As The Newseum Closes, Its Message Of Press Freedom Is More Urgent
Today was the last day for Newseum, the glassy, modernist museum on Pennsylvania Avenue in Washington, D.C. dedicated to the history and importance of the news media and the First Amendment.
There are no shortage of theories as to why the museum couldn’t make a go of it. The nonprofit Freedom Forum, its creator and principal funder, determined that its operating costs were unsustainable.
Perhaps the scale of the building was too ambitious, as the Freedom Forum spent $600 million on the project since it opened in 2008.
Perhaps it’s that the museum opened in 2008, on the cusp of the Great Recession, and never really recovered from the loss of benefactors in the upheaval of the news media industry.
Or perhaps it was the ticket price. At almost $25 per adult, the Newseum had to compete with free, as in the zero admission cost of so many other D.C. attractions. As a metaphor for the state of the newspaper business, it’s just a bit too obvious.
“You dream big, and what we found was this building is simply too expensive to operate and to keep it as world class place,” said Gene Policinski, the president and chief operating officer of the Freedom Forum Institute, in an interview on Tuesday.
Although the Newseum drew almost 10 million guests during its run, there were not only expensive operating costs but the demands for a state-of-the-art museum of the future.
“So we probably would have needed to change this building a great deal to take it into the era of augmented and virtual reality, the kind of experiences that people expect now, which run the gamut of museums to amusement parks,” Policinski added. “We would love to emphasize more storytelling than we’ve been able to do in this building, so I think we also were looking at a major investment in the building as well.”
What the Newseum did right was operate as a focal point for D.C., the local of countless panels, speeches, splashy events, and even film premieres like The Post. One of its bigger events was the night before Barack Obama’s inauguration in 2008, as The Huffington Post hosted a shindig that drew politicians, celebrities, journalists and just about anyone connected to the incoming administration.
As an attraction, tourists could see a large chunk of the Berlin Wall and guard tower, or a chunk of the antenna from one of World Trade Center towers, or more recently, Jon Stewart’s desk from The Daily Show. One of the highlights is the Datsun of Don Bolles, the Arizona Republic reporter whose 1976 death in a car bombing triggered an investigation by journalists across the country.
On the lighter side were the restroom walls, which included unfortunately written headlines. Example: “Woman Found Dead in Trunk Kept to Herself, Neighbors Say.”
On Tuesday, the final day, visitors still waited in line for an exhibit where they could pretend to be a reporter. Others crowded around a display dedicated to fallen journalists, those killed while doing their jobs. At one point, it took some navigating to get through the throng that wanted to peruse through a gallery of front pages of historic newspapers, starting in the 1400s.
By chance, I was at the Newseum on opening day, April 11, 2008, and everything seemed to point to the space as being a thriving destination, with an ample number of benefactors to make it work, a Wolfgang Puck eatery and catering, and magnificent views of the Capitol. Then-New York Mayor Michael Bloomberg toured through the Bloomberg Internet, TV and Radio Gallery, which featured, among other things, Edward R. Murrow’s World War II uniform and a desk from his See It Now days.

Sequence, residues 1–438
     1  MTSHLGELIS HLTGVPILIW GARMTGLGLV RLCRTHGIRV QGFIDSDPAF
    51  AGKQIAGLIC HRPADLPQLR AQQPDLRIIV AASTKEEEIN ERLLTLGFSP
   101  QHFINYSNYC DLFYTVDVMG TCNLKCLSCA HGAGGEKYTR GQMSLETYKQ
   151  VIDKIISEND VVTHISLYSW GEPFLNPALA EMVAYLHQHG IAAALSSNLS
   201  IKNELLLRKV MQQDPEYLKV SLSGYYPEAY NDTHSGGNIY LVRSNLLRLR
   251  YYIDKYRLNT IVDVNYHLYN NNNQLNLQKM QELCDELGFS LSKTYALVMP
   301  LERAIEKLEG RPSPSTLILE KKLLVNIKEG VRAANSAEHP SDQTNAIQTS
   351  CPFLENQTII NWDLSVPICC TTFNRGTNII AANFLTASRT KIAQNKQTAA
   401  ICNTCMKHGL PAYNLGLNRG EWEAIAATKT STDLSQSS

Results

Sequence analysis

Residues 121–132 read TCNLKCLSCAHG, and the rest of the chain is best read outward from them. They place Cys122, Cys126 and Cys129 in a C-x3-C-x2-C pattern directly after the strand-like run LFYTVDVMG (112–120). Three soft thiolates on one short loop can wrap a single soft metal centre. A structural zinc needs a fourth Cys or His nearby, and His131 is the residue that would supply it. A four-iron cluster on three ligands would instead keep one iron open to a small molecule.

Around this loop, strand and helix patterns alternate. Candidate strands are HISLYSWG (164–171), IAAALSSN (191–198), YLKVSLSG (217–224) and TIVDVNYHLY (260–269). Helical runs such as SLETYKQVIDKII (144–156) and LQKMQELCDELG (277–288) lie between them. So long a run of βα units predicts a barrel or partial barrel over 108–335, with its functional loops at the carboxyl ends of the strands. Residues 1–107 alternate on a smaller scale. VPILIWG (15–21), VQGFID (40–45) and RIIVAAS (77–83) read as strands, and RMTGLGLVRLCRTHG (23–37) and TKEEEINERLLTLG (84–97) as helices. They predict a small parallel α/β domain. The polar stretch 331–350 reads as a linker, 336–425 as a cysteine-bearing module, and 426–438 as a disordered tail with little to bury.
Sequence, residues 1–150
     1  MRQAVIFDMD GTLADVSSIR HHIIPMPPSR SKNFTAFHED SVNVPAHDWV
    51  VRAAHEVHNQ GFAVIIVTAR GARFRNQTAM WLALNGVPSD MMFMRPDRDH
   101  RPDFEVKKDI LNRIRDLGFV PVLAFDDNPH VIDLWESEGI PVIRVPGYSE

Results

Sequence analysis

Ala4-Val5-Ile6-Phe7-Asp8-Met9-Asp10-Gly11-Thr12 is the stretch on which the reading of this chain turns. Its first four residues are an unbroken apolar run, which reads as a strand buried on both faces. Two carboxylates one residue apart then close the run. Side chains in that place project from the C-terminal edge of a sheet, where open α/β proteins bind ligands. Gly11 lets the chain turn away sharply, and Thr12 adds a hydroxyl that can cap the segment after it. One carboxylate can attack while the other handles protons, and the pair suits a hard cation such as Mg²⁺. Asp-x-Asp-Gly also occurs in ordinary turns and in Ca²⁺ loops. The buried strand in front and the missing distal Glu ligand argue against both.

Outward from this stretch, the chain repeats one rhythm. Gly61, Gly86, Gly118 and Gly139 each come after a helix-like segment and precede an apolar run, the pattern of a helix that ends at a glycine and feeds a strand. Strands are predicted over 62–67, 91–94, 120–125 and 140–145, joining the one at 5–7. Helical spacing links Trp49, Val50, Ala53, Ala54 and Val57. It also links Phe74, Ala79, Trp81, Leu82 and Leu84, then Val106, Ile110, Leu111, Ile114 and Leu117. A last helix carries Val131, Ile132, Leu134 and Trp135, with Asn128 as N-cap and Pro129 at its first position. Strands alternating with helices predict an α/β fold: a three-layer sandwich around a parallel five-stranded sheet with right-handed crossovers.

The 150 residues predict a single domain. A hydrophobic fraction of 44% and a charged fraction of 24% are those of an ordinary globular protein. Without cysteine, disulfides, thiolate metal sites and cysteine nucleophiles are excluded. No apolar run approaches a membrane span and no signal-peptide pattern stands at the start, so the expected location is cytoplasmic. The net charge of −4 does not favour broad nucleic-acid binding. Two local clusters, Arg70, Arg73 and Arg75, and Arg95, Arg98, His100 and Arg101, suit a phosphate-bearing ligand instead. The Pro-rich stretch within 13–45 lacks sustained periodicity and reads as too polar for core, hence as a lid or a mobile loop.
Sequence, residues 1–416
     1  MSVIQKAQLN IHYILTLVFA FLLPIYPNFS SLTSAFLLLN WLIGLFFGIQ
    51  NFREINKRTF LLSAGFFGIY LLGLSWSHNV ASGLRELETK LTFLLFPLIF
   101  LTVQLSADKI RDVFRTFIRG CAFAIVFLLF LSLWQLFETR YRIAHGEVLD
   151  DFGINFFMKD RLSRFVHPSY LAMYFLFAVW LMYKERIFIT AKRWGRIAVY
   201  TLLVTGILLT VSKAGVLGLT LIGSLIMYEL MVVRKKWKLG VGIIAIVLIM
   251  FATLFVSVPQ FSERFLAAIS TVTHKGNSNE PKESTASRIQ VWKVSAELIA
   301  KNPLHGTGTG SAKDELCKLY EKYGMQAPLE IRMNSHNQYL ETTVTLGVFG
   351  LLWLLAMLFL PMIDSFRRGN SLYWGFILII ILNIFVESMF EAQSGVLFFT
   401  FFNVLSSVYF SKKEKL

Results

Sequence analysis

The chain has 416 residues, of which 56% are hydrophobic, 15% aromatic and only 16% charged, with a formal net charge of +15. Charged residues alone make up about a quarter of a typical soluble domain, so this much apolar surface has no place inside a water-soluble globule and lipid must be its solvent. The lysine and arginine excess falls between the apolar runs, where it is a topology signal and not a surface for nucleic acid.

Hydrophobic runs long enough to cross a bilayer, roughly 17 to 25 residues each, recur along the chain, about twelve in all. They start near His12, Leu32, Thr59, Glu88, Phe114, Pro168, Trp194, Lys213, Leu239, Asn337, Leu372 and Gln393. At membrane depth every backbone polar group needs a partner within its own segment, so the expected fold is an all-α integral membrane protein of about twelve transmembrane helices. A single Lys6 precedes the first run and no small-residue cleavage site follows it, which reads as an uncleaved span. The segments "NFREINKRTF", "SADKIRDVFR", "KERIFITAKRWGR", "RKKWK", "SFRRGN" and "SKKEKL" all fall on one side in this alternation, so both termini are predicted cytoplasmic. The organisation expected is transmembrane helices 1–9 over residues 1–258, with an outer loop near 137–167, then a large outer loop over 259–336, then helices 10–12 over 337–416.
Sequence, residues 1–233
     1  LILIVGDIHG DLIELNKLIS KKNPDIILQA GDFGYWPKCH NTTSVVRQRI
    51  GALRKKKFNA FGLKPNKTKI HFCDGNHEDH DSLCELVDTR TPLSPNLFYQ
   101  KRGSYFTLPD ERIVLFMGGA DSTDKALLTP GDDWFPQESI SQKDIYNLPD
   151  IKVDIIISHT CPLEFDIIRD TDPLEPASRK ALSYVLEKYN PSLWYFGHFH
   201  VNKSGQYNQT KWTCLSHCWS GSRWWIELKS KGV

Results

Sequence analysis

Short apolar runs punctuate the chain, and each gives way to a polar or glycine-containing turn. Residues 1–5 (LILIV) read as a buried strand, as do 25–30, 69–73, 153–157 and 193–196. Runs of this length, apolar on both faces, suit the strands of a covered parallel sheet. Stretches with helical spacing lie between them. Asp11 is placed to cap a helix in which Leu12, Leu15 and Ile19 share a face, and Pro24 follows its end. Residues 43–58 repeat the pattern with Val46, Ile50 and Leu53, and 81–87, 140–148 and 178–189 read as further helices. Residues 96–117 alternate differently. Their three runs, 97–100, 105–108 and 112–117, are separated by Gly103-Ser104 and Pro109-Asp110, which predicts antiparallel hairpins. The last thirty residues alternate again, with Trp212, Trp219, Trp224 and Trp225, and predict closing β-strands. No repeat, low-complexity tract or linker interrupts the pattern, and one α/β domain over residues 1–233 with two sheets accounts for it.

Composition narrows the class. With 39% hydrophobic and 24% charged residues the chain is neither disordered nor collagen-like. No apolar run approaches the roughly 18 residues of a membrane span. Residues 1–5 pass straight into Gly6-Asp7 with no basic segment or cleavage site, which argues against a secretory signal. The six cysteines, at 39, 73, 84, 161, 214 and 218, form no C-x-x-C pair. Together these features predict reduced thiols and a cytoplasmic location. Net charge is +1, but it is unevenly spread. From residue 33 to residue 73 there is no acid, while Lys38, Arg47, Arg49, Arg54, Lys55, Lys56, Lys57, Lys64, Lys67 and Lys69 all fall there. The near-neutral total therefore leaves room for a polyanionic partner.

That said, the grandiose nature of the Newseum struck some as a bit too self-important, the kind that nags at many in the business in inevitable moments of self-reflection. There is also the media “curse of the new headquarters,” or the trouble that seems to have inflicted companies like Time Warner and Hearst that have moved into gleaming new office space.
What the Newseum did really well, though, was explain the importance of the news media, and the First Amendment itself, to the general public, especially through its interactive displays and theaters. Some exhibits may have been only scratching the surface of the issues involved, but it at least framed journalism and journalists as essential to democracy. It’s more urgent now than it was back then, as the image of the inked stained wretch has been demonized into that of fake news.
A few weeks ago, at a farewell event for the Newseum, Policinski reminded those mourning its demise that the loss is of a structure, not of its message.
“I think people have tried to define us as a building with a great mission,” Policinski said. “And I said, ‘Actually, we’re a magnificent mission, we just happened to operate from for a great amount of time from a great building. The mission is the focus.’”
As the museum artifacts go into storage or to other venues, the Freedom Forum Institute insists that its work will continue from new administrative offices up the street, with plans to continue its public and online programming of conferences, seminars and education. The organization is looking for a new (and less costly) locale for a new Newseum, but no site has been selected.
As a stream of visitors looked over one of the daily displays of newspaper front pages from around the world, Policinski said that the experience is “bittersweet.”
“The museum and the building was a great place to work out of, but it was always looking outward rather than inward, so that work goes on, not unaffected, but probably with greater financial support just because the foundation can afford that,” he said.
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